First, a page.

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immerse young students in technology

Through the Texas Workforce Commission’s Camp Code grant, STC’s Institute for Advanced Manufacturing was awarded more than $43,000 to enable 72 middle school students in grades 6 through 8 to attend summer camps focused on STEM concepts. I was. His TWC Commissioner Julian Alvarez (above), representing workers, visited the students in his July.Provided image
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La Jolla, Texas – South Texas College opens up a world of possibilities for young students seeking an early introduction to computer science, information technology, mathematics and engineering.

A $43,496 Texas Workforce Commission Camp Code grant was awarded to STC’s Institute for Advanced Manufacturing (IAM) to expose a total of 72 students from La Joya Independent School District middle schools to summer camps and exposure to science concepts. is ready. Engineering, engineering, mathematics (STEM), robotics, and computer programming projects using small computers called microcontrollers (MCUs).

Using MCUs such as the Arduino Uno and Raspberry Pi, students at this camp created their own “smart cars” and uploaded code that enabled the vehicles to perform various functions.

Students also prototyped various electronic projects utilizing various components such as LED lights, electrical wiring, push buttons, buzzers, and ultrasonic distance sensors.

“Students build the car in the first day or two, then make sure everything works and is wired correctly before uploading the code to the car so it can perform various functions. ” said Nicholas Hinojosa of the School of Computer and Information Technology, who was teaching students at the camp. “Students can program their cars to avoid and chase obstacles and obstacles. You can control it using a remote control or Bluetooth.”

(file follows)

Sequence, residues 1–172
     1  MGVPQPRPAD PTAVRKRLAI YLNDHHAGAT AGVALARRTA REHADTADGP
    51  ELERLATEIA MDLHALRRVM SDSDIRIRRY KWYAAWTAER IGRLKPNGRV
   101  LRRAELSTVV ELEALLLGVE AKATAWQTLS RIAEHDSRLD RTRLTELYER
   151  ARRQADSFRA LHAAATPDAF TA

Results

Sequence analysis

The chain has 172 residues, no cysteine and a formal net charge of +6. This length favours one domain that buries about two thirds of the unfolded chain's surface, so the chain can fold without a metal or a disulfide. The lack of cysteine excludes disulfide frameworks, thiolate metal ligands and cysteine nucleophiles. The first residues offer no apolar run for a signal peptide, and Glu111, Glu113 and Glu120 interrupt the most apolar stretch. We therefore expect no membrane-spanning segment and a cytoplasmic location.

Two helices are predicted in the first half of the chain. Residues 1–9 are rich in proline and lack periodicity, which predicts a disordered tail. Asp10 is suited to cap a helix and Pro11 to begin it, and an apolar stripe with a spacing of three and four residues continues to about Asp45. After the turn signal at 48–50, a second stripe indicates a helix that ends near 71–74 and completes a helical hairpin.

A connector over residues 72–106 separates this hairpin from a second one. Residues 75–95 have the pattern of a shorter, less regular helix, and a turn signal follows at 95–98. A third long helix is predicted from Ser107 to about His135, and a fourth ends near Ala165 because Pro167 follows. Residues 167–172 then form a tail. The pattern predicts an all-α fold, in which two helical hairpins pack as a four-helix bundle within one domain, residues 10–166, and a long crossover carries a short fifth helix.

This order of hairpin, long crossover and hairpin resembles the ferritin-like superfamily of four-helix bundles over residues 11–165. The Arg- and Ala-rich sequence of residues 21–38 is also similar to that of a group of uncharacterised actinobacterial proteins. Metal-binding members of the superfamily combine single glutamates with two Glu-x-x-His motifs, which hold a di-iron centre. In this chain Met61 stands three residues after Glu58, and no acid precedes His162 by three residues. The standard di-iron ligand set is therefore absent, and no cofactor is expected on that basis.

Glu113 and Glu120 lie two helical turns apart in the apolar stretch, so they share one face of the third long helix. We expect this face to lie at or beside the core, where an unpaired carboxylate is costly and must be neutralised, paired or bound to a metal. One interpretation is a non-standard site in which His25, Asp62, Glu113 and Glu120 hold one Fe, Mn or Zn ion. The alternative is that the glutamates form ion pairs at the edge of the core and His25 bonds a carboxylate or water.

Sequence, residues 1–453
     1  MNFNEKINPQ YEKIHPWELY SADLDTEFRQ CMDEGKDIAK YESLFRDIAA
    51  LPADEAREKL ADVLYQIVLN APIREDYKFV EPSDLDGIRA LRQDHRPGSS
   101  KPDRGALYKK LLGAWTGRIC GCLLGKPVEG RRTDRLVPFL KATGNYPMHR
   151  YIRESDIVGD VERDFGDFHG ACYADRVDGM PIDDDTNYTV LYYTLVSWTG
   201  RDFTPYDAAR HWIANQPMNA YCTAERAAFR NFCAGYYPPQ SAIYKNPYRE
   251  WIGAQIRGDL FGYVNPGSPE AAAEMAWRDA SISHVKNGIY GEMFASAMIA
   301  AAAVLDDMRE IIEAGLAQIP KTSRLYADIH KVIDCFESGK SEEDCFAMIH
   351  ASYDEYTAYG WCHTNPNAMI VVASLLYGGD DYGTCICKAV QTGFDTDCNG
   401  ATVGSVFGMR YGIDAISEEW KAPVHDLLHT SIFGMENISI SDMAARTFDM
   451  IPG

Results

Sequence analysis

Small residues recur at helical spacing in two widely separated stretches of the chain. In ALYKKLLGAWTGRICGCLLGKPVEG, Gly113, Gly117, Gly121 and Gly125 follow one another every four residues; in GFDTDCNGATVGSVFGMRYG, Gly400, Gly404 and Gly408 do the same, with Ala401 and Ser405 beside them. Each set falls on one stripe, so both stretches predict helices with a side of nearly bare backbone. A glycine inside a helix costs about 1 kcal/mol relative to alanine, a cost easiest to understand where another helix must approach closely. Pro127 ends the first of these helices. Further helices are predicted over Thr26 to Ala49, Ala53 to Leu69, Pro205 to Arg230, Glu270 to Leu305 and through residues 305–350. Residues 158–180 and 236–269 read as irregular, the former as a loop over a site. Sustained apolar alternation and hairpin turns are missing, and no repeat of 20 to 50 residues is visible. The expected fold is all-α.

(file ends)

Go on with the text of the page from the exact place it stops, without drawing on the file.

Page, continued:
Twelve-year-old Brittany Rodriguez was one of the students at Dr. Javier Saenz Middle School in La Jolla who attended the camp. Rodriguez said he has attended similar computer camps in the past and hopes to pursue a career in engineering or a similar field where he can learn about electricity and energy.

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“I learned a lot, how to code, how to use wires properly, especially how to be careful when creating things like robots,” Rodriguez said. “It’s all about learning how to do things right and being patient because building robots can be frustrating. We just had to do our best.”

Camp Code was founded by the Texas Workforce Commission to increase interest in STEM-related careers, increase exposure to coding and programming among middle school students in Texas, and increase interest in STEM, especially among girls and women. increase.

Grants are awarded to innovative school districts, colleges, universities, and institutions of higher learning to provide hands-on experience in innovative learning, problem-solving, and analytical skills.

“Camp Code scholarships offer young middle school students a great opportunity to participate in creating tomorrow’s technology. immersed in STEM fields.There are many careers for them to choose from.Thanks to South Texas College for partnering with La Joya ISD to provide students with real-world STEM applications.”